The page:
In 2011, the notorious trial of Casey Anthony took place. Below is our original day-by-day update of that trial.
Jury Selection Begins in Anthony Trial, “Decomp” Evidence Allowed ~ May 10, 2011
On July 15, 2008, 2-year-old Caylee Anthony’s grandmother reported her missing. After months of investigation focusing on Casey Anthony, Caylee’s mother, Caylee’s skeletal remains were found near her house. Throughout that time Anthony lied repeatedly regarding her daughter’s whereabouts.
The legal proceedings against Casey Anthony for murder and misleading law enforcement finally began with jury selection. Due to the massive publicity associated with the case, this process took place in Clearwater, Florida rather than in Orlando where the crime took place, in the hopes of finding a jury pool untainted by the media attention. That pool of jurors began shrinking as the judge allowed many to go home for financial and family reasons–the jury could have been sequestered for months, preventing jurors from working or taking care of family.
Potential jurors’ answers to several questions would narrow the pool further–for instance, any preconceived ideas about the case based on the media attention may influence the decision, as may strongly held views on the death penalty.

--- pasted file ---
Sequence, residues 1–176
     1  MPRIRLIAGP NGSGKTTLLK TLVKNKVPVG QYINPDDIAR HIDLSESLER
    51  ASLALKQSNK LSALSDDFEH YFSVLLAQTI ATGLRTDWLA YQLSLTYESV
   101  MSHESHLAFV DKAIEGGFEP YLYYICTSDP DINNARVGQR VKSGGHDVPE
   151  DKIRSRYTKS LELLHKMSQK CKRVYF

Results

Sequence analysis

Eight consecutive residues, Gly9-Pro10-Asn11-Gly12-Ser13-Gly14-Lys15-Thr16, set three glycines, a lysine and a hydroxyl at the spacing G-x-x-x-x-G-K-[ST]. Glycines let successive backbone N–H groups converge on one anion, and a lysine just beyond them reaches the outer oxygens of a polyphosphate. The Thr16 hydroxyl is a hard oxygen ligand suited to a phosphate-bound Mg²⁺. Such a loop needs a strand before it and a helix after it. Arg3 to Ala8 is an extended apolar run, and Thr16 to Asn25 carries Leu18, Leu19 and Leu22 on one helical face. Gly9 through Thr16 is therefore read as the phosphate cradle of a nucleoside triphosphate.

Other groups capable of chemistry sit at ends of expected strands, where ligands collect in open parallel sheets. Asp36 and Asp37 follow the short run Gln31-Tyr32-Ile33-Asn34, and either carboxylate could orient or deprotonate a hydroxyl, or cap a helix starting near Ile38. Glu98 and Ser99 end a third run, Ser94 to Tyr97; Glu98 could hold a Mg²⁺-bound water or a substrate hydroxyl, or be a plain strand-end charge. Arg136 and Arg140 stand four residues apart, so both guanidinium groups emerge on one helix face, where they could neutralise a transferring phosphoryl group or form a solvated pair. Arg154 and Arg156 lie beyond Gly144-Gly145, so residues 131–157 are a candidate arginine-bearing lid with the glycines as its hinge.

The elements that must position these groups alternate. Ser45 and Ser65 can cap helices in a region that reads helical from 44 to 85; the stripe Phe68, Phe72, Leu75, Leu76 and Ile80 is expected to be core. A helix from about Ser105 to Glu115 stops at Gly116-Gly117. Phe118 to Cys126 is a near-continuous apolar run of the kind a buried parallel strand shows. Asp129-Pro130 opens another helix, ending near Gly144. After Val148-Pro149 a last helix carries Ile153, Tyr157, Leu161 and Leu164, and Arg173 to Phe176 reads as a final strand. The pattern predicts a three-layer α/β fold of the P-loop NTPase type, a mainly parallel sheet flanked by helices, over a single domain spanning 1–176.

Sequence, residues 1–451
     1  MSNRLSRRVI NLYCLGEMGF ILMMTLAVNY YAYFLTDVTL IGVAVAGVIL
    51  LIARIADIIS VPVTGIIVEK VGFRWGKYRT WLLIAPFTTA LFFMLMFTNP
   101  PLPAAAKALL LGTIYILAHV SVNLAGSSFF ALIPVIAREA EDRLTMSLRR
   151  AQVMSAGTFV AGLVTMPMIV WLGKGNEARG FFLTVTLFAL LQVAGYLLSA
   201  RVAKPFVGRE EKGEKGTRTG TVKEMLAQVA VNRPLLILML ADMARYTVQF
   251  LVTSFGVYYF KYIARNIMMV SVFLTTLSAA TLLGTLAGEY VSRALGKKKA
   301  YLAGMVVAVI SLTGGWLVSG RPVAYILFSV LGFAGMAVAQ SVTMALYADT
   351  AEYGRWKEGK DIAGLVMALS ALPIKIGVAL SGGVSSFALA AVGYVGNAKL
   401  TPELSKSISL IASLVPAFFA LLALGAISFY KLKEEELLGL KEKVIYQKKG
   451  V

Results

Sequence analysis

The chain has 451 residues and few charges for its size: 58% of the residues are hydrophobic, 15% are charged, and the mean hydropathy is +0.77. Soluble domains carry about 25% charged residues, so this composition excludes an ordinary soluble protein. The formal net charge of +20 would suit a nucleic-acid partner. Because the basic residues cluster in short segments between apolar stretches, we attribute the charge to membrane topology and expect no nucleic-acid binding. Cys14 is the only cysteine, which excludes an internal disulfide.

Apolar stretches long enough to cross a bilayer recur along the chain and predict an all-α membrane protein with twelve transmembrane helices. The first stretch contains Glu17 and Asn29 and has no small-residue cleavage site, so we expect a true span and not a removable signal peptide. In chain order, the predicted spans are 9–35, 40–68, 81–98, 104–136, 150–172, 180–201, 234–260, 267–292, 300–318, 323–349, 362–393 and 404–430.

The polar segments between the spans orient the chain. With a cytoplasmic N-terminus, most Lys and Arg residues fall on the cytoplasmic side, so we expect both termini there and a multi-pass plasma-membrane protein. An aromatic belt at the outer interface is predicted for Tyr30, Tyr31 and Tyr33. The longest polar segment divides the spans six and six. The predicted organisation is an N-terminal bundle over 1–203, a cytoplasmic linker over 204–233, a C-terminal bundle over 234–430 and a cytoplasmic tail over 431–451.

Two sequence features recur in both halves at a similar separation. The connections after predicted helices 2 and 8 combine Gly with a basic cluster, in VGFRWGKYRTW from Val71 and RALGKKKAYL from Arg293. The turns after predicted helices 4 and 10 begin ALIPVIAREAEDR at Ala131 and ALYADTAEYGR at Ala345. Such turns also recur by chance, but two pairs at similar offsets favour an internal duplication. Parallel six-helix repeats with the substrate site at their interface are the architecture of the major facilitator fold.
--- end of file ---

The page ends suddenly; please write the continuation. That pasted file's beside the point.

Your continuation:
At this step in a prolonged and controversial case, the selection of the jury is a historical moment, but is not the only aspect of the trial that made history in the field of criminal investigation. The judge ruled that evidence regarding decomposition should be admissible–the first time evidence of this nature will ever appear before a Florida court.
During the investigation, multiple witnesses, including a police officer with experience with decomposed remains through the homicide department, noticed a “decompositional” odor in Casey Anthony’s car. Tests were later done of the air in the trunk by experts from the University of Tennessee, the university that hosts the body farm, to show that a decomposing body had been in the car. The judge’s ruling allowed these witnesses to testify to this information before the jury.
For a full timeline of the case, go here. For the jury selection process, go here.
9-1-1 Calls ~ May 16, 2011